They’re not wrong. "A man was arrested last month after barricading himself inside an armored truck on top of the Hoover Dam in protest of a Justice Department report often cited by QAnon followers," reported American magazine Forward. "True believers also held a march outside the White House in April. In the past month, QAnon has popped up on a billboard in Georgia and at multiple Trump rallies."

It’s probably also worth noting that the man just arrested for the SoCal Holy Fire, Forrest Clark, "recently became fixated with fabricated politically motivated pedophilia, and was an early QAnon ‘researcher’," according to Forbes contributor JJ MacNab.

Anonymous has had some success in its doxing of QAnon members so far. But right now, thanks to the hypocrisies of Twitter, Facebook, Reddit, and others, odds are not in the favor of neither hacktivists nor targets of these groups. Until social media platforms stop avoiding their direct responsibility for hosting and distributing QAnon (and Alex Jones), and press outlets stop laughing at the conspiracy nuts, it looks like Anonymous has its work cut out.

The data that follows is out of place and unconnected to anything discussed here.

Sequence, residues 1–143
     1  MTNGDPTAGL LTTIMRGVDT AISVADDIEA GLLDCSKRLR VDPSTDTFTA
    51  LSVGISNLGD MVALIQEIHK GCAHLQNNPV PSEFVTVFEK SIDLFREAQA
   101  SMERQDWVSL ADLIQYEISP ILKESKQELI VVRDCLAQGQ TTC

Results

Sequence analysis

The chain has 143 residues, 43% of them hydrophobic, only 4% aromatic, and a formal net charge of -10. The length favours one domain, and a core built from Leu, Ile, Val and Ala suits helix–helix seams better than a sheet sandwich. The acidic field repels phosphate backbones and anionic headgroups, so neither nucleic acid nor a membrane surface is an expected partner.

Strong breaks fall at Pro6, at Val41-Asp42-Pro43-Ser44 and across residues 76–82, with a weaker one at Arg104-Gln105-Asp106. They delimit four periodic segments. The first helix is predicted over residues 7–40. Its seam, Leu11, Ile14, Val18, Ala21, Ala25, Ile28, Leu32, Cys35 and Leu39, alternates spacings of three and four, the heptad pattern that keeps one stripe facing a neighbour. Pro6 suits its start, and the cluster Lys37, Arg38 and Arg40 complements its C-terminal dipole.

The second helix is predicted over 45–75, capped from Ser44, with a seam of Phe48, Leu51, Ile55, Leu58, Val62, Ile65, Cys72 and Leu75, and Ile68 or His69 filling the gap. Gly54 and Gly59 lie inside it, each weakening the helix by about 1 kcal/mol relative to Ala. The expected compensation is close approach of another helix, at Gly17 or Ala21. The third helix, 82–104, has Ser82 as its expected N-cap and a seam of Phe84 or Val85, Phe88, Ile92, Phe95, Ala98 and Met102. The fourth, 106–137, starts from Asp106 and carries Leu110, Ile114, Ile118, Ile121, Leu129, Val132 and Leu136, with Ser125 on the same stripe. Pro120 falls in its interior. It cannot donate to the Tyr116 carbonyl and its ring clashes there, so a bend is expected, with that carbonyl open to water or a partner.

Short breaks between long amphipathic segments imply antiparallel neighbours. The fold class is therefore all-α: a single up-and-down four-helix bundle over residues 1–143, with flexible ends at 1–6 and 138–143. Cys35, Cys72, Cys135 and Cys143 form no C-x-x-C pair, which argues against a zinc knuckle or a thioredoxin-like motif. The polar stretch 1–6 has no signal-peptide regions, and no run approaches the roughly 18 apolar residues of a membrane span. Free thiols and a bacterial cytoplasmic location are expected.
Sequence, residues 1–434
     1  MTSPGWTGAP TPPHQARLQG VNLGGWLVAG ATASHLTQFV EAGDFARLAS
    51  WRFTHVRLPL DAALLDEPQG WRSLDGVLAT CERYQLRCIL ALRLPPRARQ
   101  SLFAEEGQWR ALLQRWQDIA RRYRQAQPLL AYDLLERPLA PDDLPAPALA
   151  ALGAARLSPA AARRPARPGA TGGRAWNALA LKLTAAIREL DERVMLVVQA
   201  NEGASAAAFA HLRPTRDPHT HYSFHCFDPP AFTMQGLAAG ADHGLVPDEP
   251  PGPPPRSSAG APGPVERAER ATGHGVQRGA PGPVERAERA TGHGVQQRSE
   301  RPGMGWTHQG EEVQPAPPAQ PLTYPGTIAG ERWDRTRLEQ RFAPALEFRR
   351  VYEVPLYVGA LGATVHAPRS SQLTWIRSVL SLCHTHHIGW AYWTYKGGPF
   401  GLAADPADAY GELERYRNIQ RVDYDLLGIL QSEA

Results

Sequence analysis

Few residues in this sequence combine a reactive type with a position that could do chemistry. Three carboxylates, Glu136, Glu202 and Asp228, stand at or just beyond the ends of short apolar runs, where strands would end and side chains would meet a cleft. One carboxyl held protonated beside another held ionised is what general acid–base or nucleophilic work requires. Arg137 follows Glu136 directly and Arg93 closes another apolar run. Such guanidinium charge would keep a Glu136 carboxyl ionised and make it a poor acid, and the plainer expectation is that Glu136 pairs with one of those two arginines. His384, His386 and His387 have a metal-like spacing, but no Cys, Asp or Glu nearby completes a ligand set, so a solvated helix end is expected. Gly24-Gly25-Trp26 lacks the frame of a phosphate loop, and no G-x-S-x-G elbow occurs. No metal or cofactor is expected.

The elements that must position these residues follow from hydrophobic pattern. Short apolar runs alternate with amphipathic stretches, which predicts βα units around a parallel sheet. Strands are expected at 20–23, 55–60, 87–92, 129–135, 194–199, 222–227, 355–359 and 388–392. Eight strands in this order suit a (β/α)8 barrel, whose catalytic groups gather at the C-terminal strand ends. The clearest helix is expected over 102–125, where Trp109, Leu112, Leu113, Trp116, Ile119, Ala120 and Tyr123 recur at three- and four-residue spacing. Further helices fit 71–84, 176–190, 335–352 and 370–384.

Images: Scott Olson via Getty Images (Qanon trio); vovashevchuk via Getty Images (Honey jars)

from Engadget https://engt.co/2MACh6K
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How to Approach Handstands When You’re Still Kinda Scared of Them

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Photo: Cameron Spencer (Getty)